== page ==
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BEST PRACTICE GUIDANCE ON THE EFFECTIVE USE OF INDIVIDUAL AND AGENCY COACHES IN PHYSICAL EDUCATION AND SPORT (PES). (afPE 2012). The Association for Physical Education (afPE) has produced the following concise guidance for head teachers and other leadership staff responsible for deploying visiting support staff within physical education and sport (PES). This guidance is available on the afPE website: and pages 66-69 in Safe Practice in Physical Education and Sport, 2012 (afPE/Coachwise Ltd). “Support staff” is the term given to all adults without qualified teacher status (QTS) who contribute to the teaching of pupils in schools. This term includes regular staff on the school roll as well as visiting staff, whether occasional or regular contributors. In physical education and sport contexts such contributors are usually coaches employed directly or indirectly on short term arrangements. Employers (local authorities or governors/trustees) have a legal duty under the requirements of section 3 of the Health and Safety at Work Act, 1974 to ensure that, so far as is reasonably practicable, others not in their employment (in this interpretation - the pupils) are not exposed to risks to their health and safety. One aspect of this duty is to ensure that the adults teaching the pupils are competent to fulfil the demands of the tasks to which they are deployed. The head teacher, as manager of the school, technically deploys all staff, whether on the school roll or visiting staff. As such the head teacher fulfils this duty under section 3 on behalf of the employer and carries responsibility for ensuring all adults teaching the pupils have the necessary skills to fulfil the demands of the tasks to which they are deployed. Jones v Manchester Corporation, 1958, reinforces this management responsibility. Where an external agency is contracted to provide expertise for teaching some or all of the physical education and school sport (PES) programme the responsibility for ensuring such competence does not rest solely with the agency but is deemed to be a shared responsibility between the agency and the head teacher (on behalf of the employer) because the head teacher exercises “detailed control” on the work of the visiting coach as a temporary employer – “having control and responsibility for assigned staff” (Hawley v Luminar Leisure Ltd 2006). Where the term “school” is used, this includes school partnerships, community learning partnerships and others working on behalf of the school. Where the term “lesson” is used this includes sessions delivered before school, during lunchtimes and after school. Head teachers and other managers of coaching support staff are strongly advised to ensure………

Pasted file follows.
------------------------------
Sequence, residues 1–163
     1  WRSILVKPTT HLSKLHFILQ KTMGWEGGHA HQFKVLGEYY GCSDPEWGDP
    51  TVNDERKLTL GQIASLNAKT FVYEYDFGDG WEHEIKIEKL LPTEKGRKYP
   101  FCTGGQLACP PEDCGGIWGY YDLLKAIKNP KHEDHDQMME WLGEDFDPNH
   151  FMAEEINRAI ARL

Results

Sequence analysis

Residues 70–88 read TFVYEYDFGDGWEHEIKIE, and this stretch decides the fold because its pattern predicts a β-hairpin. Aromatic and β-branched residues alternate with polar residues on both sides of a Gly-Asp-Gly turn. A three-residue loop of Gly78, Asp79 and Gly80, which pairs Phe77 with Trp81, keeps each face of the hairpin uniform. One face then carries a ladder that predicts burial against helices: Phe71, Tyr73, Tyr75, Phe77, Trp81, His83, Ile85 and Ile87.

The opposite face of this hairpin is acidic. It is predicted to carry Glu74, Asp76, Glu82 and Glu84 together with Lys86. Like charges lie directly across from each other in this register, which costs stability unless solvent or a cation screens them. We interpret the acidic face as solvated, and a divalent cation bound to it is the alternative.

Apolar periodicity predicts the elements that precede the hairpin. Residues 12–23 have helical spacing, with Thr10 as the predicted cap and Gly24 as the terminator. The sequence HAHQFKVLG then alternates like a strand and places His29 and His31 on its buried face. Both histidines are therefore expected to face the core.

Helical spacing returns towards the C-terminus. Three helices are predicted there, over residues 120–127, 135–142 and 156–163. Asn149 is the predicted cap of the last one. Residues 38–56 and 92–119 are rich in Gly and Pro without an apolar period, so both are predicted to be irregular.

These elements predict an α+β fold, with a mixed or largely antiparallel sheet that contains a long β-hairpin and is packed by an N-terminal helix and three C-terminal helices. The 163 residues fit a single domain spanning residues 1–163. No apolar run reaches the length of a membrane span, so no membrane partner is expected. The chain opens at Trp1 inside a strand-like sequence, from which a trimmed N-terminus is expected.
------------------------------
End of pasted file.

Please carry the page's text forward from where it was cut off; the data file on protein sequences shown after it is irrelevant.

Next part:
1. Safe Recruitment by: a. Arranging a face to face interview with each coach to confirm identity using original documents (passport, driving licence, recent service provider bill confirming current home address); b. Vetting whether the coach is barred from working with children and checking CRB enhanced disclosure – see original and record number; decide if portability applies and is acceptable; check with original responsible authority and establish whether additional information is on the CRB form - if so, require a new certificate from the coach to access the additional information. If no response is received to enquiry or information is held a new disclosure certificate is essential. c. Checking qualifications – see originals; accept Level 2 award as normal baseline qualification for each activity the coach is expected to teach, diverting from this standard only if the coach is observed prior to acceptance and demonstrates exceptional coaching qualities and is working towards a Level 2 qualification; refer to the HLTA standards for your baseline (; d. Checking training undertaken and experience of working with children and young people – e.g. child protection workshops; e. Exploring motivations to work with children and attitudes towards children and young people; f. Checking reference/s – investigate any gaps in coaching employment, any conditional comments in the reference; g. Checking with relevant National Governing Body that coach is currently licensed to coach (qualification cannot be rescinded but NGB license to coach can be if any poor practice or abuse issues have arisen); h. Ensuring correct employment status and employment rights are known to the coach – provide written summary/include in contract as appropriate; i. Ensuring coach is fully aware of insurance provision and what aspects s/he needs to provide for self (according to employment status) re: